My friend Jorge brought up an idea that astonished me yet makes perfect sense. He thinks that civil servants who go beyond the call of duty should receive special honor and be rewarded in a manner similar to that accorded to similar individuals in the military. At the same time these awards would, in no way, diminish the honors given to brave members of the military.
The public has a love/hate relationship with civil servants. Much of the hate has come about as a result of the bureaucrats’ behavior, but a good share of it has been fostered by public indoctrination from politicians and political commentators.
Our negative opinions are usually formed around unhappy encounters with “bad apples” of the human variety. When we get satisfactory service from public servants, we might believe that such good public servants are anomalies. Is this view of civil servants really accurate and true?
The category of civil servants is a very broad one. They include such workers as fire fighters to teachers to F.B.I. agents to Social Security clerks, to U.S.D.A. inspectors. The vast majority of people filling these positions are honorable and aim to do their best. Everyday bureaucrats are also our fellow citizens.
Jorge’s comments and suggestion caused me to ponder the civil servants I have known and some that I have loved. One of the most maligned departments of government is the U.S. Postal Service. I am at a loss as to why they have become such whipping boys. I have never been unhappy with mail delivery. If there have been any problems, they were quickly resolved to my satisfaction. Yet I can count these minor quibbles with the fingers of one hand.
I have friends who have worked as Postal Service employees. They are truly fine people who are dedicated to their jobs. One of those postal workers lives across the street from me. Chuck has been a letter carrier for a couple of decades. He has become somewhat lame due to the amount of miles he has walked during his career. These days, he spends his workday as a clerk at the regional postal distribution center. When I go to the post office to buy stamps or to mail a package, often times it is Chuck who conducts the transaction.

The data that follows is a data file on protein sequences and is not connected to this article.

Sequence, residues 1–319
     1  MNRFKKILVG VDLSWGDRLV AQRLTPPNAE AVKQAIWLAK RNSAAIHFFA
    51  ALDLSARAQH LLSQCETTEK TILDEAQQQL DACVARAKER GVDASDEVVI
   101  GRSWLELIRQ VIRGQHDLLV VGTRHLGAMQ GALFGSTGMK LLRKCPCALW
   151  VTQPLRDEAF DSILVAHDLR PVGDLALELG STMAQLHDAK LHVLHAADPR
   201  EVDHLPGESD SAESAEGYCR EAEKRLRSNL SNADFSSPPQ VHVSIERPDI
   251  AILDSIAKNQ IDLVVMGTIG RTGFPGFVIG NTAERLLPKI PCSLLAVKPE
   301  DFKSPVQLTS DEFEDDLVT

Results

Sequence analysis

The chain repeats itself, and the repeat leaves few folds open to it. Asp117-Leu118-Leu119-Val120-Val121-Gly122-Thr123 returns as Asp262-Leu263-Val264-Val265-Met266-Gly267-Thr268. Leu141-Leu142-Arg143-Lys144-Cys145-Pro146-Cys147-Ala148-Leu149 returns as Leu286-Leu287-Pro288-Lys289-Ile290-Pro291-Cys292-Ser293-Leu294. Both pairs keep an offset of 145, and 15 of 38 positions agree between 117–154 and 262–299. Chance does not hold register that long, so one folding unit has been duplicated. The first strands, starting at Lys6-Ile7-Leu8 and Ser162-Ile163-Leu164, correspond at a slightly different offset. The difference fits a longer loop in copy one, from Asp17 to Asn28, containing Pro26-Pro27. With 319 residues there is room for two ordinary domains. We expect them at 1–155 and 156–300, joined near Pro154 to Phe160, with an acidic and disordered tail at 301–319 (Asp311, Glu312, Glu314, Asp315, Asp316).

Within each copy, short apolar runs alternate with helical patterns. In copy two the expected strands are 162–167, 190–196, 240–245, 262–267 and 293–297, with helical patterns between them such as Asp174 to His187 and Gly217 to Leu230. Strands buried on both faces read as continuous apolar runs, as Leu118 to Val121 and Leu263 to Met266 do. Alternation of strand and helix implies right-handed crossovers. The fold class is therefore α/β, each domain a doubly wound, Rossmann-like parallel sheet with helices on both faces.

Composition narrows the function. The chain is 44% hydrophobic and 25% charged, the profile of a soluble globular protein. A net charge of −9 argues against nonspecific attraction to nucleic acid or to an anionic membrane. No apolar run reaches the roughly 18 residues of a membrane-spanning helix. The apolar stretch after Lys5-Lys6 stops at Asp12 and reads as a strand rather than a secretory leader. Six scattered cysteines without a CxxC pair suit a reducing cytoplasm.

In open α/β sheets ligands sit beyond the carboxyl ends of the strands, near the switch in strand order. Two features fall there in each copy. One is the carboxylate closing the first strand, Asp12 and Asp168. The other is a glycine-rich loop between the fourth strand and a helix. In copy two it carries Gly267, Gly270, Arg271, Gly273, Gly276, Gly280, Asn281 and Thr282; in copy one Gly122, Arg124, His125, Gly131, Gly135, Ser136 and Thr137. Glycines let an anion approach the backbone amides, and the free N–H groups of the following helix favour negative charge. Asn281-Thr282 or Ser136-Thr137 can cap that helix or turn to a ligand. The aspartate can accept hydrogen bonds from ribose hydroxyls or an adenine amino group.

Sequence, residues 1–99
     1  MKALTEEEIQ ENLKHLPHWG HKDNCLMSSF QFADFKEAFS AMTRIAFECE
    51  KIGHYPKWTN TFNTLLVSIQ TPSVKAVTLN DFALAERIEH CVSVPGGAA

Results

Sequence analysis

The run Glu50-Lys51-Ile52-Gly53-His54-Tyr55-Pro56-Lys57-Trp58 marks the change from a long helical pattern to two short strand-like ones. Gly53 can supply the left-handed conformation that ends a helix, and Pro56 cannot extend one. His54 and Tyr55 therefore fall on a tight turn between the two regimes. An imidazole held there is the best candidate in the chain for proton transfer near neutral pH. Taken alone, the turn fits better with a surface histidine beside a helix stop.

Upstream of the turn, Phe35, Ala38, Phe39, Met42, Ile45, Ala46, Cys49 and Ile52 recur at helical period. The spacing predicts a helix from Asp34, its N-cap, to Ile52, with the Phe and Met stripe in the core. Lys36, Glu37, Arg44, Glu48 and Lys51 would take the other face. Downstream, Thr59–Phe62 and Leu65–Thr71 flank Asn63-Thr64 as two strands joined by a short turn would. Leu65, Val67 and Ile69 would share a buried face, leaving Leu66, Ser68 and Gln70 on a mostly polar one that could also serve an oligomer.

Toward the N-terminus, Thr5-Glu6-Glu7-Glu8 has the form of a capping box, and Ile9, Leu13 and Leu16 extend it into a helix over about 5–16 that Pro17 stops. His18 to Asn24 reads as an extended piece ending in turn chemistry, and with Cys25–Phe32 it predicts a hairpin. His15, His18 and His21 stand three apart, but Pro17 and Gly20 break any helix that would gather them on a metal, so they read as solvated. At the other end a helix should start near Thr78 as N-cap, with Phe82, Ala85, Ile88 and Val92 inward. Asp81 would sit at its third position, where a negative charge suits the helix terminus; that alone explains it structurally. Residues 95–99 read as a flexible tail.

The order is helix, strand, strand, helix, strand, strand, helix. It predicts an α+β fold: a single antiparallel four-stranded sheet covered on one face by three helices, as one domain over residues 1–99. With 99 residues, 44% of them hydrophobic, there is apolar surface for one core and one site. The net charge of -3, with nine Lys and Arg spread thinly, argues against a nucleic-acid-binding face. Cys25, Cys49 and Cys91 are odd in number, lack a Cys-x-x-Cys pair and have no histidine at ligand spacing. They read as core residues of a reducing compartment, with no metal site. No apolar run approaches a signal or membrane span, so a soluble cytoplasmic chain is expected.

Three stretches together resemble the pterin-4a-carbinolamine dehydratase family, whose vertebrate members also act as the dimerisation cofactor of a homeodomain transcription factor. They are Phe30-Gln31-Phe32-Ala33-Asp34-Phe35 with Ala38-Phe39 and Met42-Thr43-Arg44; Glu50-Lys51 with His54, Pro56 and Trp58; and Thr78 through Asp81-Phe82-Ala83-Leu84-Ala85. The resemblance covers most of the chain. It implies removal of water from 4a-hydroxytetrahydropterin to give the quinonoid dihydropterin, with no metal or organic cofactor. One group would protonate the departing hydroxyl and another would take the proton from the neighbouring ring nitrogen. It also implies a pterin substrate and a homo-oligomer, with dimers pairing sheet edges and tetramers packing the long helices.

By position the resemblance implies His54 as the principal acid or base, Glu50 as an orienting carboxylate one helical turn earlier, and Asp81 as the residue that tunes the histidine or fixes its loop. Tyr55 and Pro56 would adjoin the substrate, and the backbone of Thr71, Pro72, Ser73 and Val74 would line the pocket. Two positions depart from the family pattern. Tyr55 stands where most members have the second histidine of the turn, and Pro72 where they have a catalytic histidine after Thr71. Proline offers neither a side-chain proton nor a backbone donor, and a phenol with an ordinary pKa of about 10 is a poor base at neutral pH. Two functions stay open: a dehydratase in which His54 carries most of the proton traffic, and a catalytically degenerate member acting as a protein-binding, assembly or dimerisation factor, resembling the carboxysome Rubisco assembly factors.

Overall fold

Last year, I readied myself for the transition from paying into Social Security and Medicare to becoming a recipient later this year. The Social Security Administration employees were courteous, helpful, and caring. I was treated respectfully throughout the interview process. Later on, I had a couple of questions, they were handled promptly and satisfactorily.
Jorge reminded me that I grew up in a household that was headed by a public servant. I smiled when he remembered that my father was a civil engineer who had been employed by the state highway department. Dad was a perfectionist when it came to “his” road projects. Every detail had to be up to or exceed highway construction standards. He wanted the best roads possible for the public to drive on. After all, “his” roads would be also be used by friends, family, and himself.
Dad was quite proud of the fact that Nebraska was the very first state to complete its share of the national mainline Interstate Highway System. Dad was one of the design and project engineers/supervisors who worked on Interstate 80. People who drive westward from Omaha to Wyoming or Colorado or from those states eastward towards Omaha, never knew my dad, but they benefit from his work during their journeys.
Although dad was a traditional Republican, he understood that the best public servants must approach their jobs in ways that differ from private business and the corporate world. Civil servants must have a long-term vision. Their goal is not profit, their duty is service to democracy and the general good of the nation’s citizens. This is a good point to remember during these times when public service is being severely denigrated by powerful individuals.
I still maintain that the vast majority of public servants are hard-working, honorable people, doing good jobs.
The Blue Jay of Happiness quotes movie maker James Cameron. “I like the evening in India, the one magic moment when the Sun sits on the rim of the world, and the hush descends, and ten-thousand civil servants drift homeward on a river of bicycles, brooding on the Lord Krishna and the cost of living.”